Today, playing “at your own pace” in Borderlands feels like padding on a razor-thin plot. Even if you’re playing through a large chunk of the side missions offered during your adventure, you will eventually find that the next story mission is at least a level or two above the one you’re currently at. The solution to this is taking on a tedious quest that tasks you with collecting some arbitrary item, killing an enemy, or doing some combination of the two. Rarely do these quests feel fulfilling as they don’t enhance the main storyline or provide more context to the universe.

Conversations that move the story forward rarely last longer than a minute, and many of the events shown in cutscenes are even shorter than that. Much of the remaining storytelling is done through the descriptions of the quests, but with such poor story building and only the promise of more experience and loot baiting me forward, I found little motivation to continue playing.

Despite completing missions recommended for my level, and often killing enemies above my level, the rewards were just not worth the effort.

It’s a shame because many of the characters in Borderlands are charming, and I found myself thoroughly enjoying the goofy and cheery sense of humor found in several of the voice-acted moments. Most of these came from Claptrap with my favorite being an animation where the robot would begin dancing, proclaiming his boogying abilities to the world. It had no impact on my adventure, but it emphasized the silliness that is at the center of Gearbox’s work.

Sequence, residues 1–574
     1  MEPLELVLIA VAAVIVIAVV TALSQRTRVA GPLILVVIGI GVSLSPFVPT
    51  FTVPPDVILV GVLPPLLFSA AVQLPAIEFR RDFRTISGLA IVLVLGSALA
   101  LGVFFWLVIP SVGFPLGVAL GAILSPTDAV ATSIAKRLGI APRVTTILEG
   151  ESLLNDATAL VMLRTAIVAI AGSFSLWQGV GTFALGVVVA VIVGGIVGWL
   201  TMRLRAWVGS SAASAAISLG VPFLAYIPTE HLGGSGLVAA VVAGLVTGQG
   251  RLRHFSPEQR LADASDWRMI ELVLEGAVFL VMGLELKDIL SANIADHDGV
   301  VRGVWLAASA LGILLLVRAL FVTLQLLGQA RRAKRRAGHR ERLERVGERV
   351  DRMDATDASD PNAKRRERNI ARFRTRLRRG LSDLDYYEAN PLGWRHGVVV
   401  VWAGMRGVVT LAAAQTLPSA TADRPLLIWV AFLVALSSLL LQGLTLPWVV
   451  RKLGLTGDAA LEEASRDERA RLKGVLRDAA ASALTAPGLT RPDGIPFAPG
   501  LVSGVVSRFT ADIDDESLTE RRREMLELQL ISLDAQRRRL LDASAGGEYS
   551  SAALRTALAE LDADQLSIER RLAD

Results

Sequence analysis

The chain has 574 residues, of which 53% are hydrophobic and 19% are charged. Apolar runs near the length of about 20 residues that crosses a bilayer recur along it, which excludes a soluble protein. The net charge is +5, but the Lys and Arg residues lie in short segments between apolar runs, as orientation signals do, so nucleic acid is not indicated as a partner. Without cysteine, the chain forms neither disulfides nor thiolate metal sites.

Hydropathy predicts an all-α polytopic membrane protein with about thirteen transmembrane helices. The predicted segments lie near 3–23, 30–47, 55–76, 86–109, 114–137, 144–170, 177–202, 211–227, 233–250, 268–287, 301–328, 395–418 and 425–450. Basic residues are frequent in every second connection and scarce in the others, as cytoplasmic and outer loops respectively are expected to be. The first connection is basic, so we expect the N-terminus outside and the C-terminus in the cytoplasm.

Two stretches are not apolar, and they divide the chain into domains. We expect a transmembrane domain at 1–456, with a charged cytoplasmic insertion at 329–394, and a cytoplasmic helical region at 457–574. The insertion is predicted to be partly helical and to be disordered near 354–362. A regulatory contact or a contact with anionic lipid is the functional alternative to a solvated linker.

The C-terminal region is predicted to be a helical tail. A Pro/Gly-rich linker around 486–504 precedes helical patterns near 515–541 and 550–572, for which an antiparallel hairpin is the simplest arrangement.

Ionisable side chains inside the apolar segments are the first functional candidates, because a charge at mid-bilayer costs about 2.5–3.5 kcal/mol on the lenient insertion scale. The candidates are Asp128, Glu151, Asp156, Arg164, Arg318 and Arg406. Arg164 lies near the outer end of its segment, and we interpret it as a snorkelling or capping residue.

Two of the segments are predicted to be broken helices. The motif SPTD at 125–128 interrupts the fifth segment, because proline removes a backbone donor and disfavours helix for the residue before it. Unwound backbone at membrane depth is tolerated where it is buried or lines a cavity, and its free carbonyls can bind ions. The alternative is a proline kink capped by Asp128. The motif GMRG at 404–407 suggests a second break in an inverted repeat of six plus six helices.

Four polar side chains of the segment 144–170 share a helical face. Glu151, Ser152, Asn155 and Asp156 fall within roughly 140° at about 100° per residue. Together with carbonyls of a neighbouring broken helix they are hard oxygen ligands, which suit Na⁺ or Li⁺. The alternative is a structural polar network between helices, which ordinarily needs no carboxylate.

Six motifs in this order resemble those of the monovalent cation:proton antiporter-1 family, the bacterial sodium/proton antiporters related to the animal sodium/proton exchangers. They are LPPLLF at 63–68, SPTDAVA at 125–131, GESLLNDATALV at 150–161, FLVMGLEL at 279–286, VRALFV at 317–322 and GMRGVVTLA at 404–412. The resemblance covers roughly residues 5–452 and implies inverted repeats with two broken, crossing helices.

It was a welcomed change to the desolate and nigh-apocalyptic settings I’ve grown accustomed to seeing in so many other games. Metro Exodus, The Last of Us, and even Destiny offer harrowing storylines based on principals of survival and rebuilding society, but moments of levity help to make the tension more bearable.


The not-really-cel-shaded art style reinforces this. You can only take a fearsome enemy so seriously when they look like they came from a coloring book, and that’s a very good thing if you’re seconds away from blowing them to bits. While other shooters have lifted Borderlands’ mechanics in recent years, its art style remains largely unique.

Pandora’s loot box

Loot is an enticing reward. It’s the reason why people continue to play Diablo III, World of Warcraft, and many other MMOs years after finishing the main storyline. Unfortunately, it’s what makes the gameplay loop in Borderlands all the more frustrating. Despite completing missions recommended for my level, and often killing enemies above my level, the rewards were not worth the effort. Most of the time, the weapons I’d get would be less than useless in a firefight.